Advocacy groups introduce proposed law to prohibit child marriage in the Philippines

This is Tanumbay Lakini from Maguindanao. She got married at age 10 to a man 20 years older than her. She said she was forced to marry at a young age to fulfill his sick father’s wish. “I didn’t want to marry, but I had no choice. It was my father’s wish before he died.” Tanumbay was 12 years old when she gave birth to her eldest son. Now, she is 20 years old and has 5 children. She is holding her youngest child, who is now 6 months old. Child marriage is part of their tradition. Because of poverty, Tanumbay never experienced going to school. Now, her family is trapped in the same cycle of poverty. “I want my children to have a better life. I always tell them not to marry early like me.” (Photo: April Abello-Bulanadi/Oxfam)

Quezon City, October 11—A bill prohibiting the facilitation of child marriage or a marriage in which one or both spouses are below 18 and declaring it as a criminal act will soon be filed in Congress.

In a press conference commemorating the International Day of the Girl, which is celebrated on October 11 every year, the Philippine Legislators’ Committee on Population and Development (PLCPD), Representative Bernadette Herrera-Dy, youth leaders, and partners of the Creating Spaces to Take Action on Violence against Women and Girls campaign introduced the salient provisions of the proposed bill seeking to prohibit the facilitation of child marriage and declare it a criminal and punishable act under the law.

“To provide equal protection for all women and girls, we deem it necessary to introduce a policy that will address child marriage in the Philippines by prohibiting its facilitation and solemnization. We want to ensure that institutions authorizing marriages are made responsible for actions that allow child marriage to happen. Through this policy, key government agencies will also be mandated to provide programs and services to prevent child marriage and respond to the needs of women and girls who have undergone this experience,” said Representative Bernadette Herrera-Dy of Bagong Henerasyon Party-list and Chairwoman of the House of Representatives Committee on Women and Gender Equality, who will file the bill along with other prospective authors in Congress.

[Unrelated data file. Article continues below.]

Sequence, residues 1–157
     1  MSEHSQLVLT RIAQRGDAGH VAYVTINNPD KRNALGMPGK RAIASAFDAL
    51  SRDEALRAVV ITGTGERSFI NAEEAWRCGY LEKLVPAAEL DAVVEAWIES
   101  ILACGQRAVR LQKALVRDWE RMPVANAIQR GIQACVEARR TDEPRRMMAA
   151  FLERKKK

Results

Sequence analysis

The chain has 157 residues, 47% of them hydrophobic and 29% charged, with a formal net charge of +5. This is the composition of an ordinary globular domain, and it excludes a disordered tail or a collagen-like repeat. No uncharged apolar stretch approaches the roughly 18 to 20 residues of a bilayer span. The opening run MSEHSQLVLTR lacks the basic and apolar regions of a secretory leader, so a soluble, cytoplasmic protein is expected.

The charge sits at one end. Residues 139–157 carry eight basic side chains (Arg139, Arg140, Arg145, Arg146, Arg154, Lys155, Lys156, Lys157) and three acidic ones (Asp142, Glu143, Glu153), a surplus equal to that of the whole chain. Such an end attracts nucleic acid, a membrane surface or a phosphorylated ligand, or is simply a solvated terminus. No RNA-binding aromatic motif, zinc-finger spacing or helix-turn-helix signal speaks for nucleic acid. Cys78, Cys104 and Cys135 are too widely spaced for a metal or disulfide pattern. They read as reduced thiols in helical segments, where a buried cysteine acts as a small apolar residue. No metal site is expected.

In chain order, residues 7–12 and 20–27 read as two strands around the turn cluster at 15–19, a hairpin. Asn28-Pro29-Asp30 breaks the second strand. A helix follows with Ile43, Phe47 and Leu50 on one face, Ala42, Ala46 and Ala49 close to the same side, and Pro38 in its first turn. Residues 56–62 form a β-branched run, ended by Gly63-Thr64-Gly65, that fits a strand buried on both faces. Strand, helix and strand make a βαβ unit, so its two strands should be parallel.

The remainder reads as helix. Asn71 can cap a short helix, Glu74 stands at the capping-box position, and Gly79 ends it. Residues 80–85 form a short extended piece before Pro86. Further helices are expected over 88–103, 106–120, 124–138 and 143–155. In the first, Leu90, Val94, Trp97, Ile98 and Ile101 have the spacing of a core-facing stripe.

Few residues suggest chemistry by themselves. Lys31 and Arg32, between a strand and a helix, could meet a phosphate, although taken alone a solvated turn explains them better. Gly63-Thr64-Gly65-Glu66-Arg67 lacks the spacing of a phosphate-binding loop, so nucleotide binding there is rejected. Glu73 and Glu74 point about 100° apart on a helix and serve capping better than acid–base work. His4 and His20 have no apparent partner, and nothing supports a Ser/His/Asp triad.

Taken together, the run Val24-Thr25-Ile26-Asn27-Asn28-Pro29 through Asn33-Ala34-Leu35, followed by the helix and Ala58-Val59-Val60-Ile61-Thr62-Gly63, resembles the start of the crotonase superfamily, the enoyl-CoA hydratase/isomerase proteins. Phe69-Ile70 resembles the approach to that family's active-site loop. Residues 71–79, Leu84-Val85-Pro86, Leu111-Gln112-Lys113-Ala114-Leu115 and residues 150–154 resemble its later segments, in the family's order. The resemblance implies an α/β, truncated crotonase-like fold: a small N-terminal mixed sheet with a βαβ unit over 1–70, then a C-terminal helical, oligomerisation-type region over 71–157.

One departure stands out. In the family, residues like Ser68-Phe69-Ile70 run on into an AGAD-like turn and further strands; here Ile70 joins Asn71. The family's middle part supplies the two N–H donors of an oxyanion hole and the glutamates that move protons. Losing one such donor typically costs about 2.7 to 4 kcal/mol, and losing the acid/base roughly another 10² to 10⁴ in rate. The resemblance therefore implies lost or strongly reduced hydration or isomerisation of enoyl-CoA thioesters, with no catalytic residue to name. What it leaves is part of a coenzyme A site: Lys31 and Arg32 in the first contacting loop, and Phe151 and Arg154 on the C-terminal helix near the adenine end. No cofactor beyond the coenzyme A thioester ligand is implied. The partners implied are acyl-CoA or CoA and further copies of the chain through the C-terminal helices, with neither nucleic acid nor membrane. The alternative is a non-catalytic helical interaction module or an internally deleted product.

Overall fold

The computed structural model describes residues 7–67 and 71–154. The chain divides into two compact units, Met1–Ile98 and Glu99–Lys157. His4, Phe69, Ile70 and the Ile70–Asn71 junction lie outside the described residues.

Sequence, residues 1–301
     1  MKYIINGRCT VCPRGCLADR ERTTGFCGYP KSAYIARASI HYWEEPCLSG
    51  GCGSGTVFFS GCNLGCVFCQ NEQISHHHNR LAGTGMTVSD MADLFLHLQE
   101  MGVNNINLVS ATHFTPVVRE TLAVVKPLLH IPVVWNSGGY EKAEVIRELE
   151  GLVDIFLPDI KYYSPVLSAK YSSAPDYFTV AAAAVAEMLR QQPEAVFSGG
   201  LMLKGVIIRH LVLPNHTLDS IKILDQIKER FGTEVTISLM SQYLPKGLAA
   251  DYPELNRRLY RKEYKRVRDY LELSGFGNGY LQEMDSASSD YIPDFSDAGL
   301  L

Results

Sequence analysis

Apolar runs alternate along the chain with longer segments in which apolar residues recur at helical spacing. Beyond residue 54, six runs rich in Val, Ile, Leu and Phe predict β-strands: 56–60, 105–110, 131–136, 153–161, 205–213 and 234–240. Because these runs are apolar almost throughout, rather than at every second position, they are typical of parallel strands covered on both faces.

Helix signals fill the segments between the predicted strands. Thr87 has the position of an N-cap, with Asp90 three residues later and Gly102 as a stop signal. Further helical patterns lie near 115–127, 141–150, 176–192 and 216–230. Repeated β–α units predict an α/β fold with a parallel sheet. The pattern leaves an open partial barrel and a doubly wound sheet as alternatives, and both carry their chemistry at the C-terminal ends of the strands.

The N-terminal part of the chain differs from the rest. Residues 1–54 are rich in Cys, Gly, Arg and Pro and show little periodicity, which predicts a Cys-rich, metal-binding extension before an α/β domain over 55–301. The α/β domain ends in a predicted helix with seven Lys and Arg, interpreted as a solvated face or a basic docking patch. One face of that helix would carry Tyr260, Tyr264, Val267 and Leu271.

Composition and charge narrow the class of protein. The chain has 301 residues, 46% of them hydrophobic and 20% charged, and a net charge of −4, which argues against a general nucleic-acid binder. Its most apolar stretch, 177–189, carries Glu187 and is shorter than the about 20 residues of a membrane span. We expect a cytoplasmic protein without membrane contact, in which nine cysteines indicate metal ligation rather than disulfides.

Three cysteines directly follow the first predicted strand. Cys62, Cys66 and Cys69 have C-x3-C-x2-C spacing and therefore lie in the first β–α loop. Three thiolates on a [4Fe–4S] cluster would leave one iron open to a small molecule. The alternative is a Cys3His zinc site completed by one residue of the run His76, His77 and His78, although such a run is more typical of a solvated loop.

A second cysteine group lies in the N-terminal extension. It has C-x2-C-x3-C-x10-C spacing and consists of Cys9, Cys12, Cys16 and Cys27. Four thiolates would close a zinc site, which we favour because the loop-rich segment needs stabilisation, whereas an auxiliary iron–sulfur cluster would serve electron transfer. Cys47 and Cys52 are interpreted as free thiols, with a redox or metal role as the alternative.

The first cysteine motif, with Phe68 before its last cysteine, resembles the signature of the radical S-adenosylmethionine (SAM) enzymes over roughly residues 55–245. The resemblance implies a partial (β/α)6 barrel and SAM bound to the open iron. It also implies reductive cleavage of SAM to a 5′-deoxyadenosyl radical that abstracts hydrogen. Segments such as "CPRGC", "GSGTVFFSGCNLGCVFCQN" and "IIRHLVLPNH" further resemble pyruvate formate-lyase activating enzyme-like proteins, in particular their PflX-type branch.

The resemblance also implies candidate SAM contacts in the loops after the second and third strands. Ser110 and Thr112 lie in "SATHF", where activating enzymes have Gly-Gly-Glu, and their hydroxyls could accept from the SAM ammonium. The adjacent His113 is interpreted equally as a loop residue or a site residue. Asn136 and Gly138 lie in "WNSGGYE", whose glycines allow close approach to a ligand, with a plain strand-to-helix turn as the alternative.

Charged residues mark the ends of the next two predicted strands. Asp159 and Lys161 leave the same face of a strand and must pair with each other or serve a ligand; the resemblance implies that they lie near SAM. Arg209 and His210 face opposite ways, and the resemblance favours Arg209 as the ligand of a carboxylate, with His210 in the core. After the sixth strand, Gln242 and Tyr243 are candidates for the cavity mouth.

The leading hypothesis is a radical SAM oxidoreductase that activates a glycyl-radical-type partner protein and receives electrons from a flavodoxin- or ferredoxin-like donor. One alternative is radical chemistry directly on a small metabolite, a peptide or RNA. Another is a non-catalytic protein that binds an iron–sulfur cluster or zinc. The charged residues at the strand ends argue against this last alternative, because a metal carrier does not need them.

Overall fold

Despite international instruments such as the United Nations Convention on the Rights of the Child and the Convention on the Elimination of all Forms of Discrimination against Women as well as national legal frameworks such as the Family Code of the Philippines setting the minimum age for marriage at 18, child marriage is still practiced in the Philippines and is usually observed in indigenous cultural communities and Muslim communities. Among Muslim communities, Presidential (PD) 1083 or the Code of Muslim Personal Laws allows marriage at the onset of puberty which, is presumed by PD 1083 to be at 15 years old, but can be younger. Among non-indigenous and non-Muslim communities, marriage is not legally allowed but co-habitation is common as a result of teen pregnancy and is among the primary reasons for dropping out of school for girls in the Philippines.

Child marriage is a violation of human rights, and it has negative impacts on the health and development of children, especially girls. According to the United Nations Population Fund, nine out of 10 adolescent births are vulnerable to pregnancy-related complications, which are among the leading causes of death among adolescent girls aged 15 to 19. According to UNICEF, women and girls’ development is hindered by child marriage as married girls are most likely to drop out of school and lose the chance to gain skills and knowledge which will help her gain a good job and earn for herself and her family.